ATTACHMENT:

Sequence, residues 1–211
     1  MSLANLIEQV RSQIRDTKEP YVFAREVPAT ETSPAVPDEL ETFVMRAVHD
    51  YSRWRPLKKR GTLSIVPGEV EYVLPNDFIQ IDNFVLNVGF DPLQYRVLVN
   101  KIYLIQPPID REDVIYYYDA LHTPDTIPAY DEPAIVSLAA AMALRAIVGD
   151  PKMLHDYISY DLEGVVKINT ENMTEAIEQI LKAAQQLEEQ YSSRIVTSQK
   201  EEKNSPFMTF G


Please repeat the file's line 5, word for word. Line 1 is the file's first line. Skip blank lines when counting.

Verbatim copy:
   151  PKMLHDYISY DLEGVVKINT ENMTEAIEQI LKAAQQLEEQ YSSRIVTSQK